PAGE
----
Fantastic voyagers

Your soundtrack to summer
By NICK SYLVESTER  |  June 7, 2006


POP’D OUT: Radio is ready for the jumprope rhymes of “Promiscuous Girl” and “Maneater,” and Nelly Furtado won’t hurt the formula.
Just last week, Gnarls Barkley decided to “delete” their smash hit “Crazy” from the UK charts after the song spent nine record-breaking weeks in the #1 spot — the longest reign in more than a decade. “Crazy” still has a way to go on the US charts (it’s hovering in the mid #30s), but that means it has a shot at a more nebulous but far grander distinction: the Song of the Summer. You know what this one’s about. The SOTS is unavoidable. It’s the song that’s playing on five radio stations at the same time, the song that’s blasting out of every dude’s gas-electric hybrid convertible, the song that’s whispered in your ear in the middle of the night when you’re sleeping and thought you were all alone.

So what will be 2006’s “Fantastic Voyage”? Here are the top contenders.

Chamillionaire (feat. Krayzie Bone) | “Ridin’ ” | Southern rap is still in vogue en masse, so much so that this Houston MC’s cop-averse lyrics haven’t kept his song’s cheesy plastic royal horns and big hook out of Billboard’s top pop slot — two weeks there so far. So it may actually already be this year’s SOTS, and I’d be more than happy for Cham, whose The Sound of Revenge (UMVD) didn’t convince anybody that he was the most talented of the Mike Jones/Slim Thug/Paul Wall breakout. Thing is, “Ridin’ ” is catchy but not particularly uplifting; the only thing that will keep it strong through the summer is its backlash.
LISTEN:Chamillionaire (feat. Krayzie Bone), "Ridin'"

Shakira (feat. Wyclef Jean) | “Hips Don't Lie” | It’s watered-down, pop’d-out dancehall with Wyclef lending his Haitian singsong and whatever star power he’s got left, and Shakira’s chorus is hardly a hook. But this is a Shakira song after all, and the dual-language thing worked pretty damn well for her with “Whenever, Wherever” — crossover appeal built in and enough otherness to distinguish it from more-traditional American fare. Granted, “Hips” isn’t “WW,” but there’s something about a woman who once crawled around in mud and then randomly appeared on the top of a cliff that will always scream SOTS to me.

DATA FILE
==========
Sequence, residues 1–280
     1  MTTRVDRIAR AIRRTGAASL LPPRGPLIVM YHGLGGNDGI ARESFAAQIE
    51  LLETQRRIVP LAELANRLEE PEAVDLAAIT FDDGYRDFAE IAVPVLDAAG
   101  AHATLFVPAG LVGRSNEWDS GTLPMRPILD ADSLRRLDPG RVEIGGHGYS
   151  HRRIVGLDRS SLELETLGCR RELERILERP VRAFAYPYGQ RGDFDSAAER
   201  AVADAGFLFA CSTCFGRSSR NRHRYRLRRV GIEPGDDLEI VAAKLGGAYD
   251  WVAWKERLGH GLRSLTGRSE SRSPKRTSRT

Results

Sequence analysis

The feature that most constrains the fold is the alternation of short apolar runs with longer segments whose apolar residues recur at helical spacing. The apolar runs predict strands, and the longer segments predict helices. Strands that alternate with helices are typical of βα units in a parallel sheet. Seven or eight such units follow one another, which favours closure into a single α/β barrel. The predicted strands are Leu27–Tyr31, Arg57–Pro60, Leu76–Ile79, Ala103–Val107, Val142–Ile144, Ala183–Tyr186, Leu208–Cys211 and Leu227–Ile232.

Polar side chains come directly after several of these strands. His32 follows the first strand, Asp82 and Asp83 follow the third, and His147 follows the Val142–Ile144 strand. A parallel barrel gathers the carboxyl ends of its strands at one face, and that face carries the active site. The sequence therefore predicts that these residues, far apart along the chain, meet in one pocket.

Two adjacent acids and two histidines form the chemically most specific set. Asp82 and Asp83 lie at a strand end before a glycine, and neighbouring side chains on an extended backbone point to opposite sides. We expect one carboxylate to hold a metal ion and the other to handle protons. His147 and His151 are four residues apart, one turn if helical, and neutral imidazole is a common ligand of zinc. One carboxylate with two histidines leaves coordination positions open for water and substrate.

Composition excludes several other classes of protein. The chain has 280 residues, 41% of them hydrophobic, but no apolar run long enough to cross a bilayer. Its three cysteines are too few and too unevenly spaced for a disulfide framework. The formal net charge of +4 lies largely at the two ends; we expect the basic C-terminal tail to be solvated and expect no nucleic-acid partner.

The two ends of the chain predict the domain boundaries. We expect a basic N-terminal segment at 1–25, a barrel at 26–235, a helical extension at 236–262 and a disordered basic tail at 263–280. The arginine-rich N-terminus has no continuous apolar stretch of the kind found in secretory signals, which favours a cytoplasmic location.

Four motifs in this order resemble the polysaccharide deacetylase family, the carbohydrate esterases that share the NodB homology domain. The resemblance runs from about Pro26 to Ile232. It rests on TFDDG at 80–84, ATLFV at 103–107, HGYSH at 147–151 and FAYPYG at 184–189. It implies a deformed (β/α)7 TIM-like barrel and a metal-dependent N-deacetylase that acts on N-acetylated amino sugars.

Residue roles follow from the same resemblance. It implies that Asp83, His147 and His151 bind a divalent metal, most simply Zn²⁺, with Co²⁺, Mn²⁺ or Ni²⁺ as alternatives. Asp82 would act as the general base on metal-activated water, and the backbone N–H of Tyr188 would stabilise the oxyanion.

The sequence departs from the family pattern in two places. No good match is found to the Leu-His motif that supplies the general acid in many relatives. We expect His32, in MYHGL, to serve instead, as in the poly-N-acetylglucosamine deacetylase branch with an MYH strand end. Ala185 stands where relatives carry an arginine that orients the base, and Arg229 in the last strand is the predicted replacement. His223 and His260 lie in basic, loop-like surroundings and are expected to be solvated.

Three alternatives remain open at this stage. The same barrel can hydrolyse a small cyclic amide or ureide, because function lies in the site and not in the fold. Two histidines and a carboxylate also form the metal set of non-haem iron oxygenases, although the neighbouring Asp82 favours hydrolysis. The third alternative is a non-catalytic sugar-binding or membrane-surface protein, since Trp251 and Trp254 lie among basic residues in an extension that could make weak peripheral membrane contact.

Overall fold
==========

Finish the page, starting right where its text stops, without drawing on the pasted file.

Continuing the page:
LISTEN:Shakira (feat. Wyclef Jean), "Hips Don't Lie"

Keane | “Is It Any Wonder?” | Barring your Coldplays and your U2s, rock these days rarely enjoys the mass appeal that hip-hop pulls off. Being British helps the otherwise mediocre rock trio Keane on the US charts — writing this Coldplay/U2 rock-anthem hybrid, the best thing they’ve ever done, could put them on top.
LISTEN:Keane, "Is It Any Wonder?" 

Nelly Furtado | “Promiscuous Girl” and “Maneater” | Either one, though “Maneater” has a fuller sound and a better title. Maybe M.I.A. came two years early with “Galang,” because only now is radio on board for these sorts of ESG/Midi Maxi Efti/Fannypack-type jumprope rhymes, especially after “Hollaback Girl.” Nelly picked up on the style, probably via producer Timbaland, who was excited about M.I.A. and scheduled to work with her, and Nelly certainly won’t get in the way of this formula working its magic.
LISTEN:Nelly Furtado, "Promiscuous Girl"
LISTEN:Nelly Furtado, "Maneater"

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Hype writers: Gnarls Barkley punch all the right keys. By Nick Sylvester.

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